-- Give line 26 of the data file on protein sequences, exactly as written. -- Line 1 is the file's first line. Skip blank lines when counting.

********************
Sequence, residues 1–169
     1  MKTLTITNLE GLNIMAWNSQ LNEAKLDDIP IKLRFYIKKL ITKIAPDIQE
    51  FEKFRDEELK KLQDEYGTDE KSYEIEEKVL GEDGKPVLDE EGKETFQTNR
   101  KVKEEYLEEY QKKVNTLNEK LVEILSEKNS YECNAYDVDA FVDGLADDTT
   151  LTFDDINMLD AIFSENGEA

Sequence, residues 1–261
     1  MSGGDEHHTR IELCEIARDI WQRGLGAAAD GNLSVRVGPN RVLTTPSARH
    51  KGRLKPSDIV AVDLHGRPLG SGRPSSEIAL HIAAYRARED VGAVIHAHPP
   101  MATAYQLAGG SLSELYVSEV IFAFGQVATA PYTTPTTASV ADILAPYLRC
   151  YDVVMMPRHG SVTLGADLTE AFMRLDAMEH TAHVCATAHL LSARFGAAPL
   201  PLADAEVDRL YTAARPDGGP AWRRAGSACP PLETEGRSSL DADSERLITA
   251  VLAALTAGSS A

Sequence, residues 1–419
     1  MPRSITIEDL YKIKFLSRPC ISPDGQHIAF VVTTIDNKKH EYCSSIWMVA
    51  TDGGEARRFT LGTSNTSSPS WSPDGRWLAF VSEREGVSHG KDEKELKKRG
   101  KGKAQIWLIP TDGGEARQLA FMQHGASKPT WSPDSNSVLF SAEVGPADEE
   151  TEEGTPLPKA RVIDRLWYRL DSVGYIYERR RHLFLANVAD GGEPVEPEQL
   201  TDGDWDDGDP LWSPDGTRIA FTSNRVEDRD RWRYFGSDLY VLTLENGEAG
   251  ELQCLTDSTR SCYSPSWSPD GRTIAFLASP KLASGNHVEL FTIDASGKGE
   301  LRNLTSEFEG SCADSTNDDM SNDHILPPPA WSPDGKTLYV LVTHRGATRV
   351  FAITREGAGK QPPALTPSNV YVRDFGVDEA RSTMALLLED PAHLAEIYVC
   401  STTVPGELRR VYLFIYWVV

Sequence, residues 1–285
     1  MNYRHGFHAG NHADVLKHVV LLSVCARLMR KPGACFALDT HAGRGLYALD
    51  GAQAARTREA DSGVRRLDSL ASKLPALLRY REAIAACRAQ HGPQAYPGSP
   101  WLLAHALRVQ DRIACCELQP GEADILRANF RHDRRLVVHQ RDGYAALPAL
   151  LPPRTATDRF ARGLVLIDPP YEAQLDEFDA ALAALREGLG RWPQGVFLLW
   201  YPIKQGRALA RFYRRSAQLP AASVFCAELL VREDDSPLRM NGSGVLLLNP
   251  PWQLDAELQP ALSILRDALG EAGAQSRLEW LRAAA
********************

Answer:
   101  WLLAHALRVQ DRIACCELQP GEADILRANF RHDRRLVVHQ RDGYAALPAL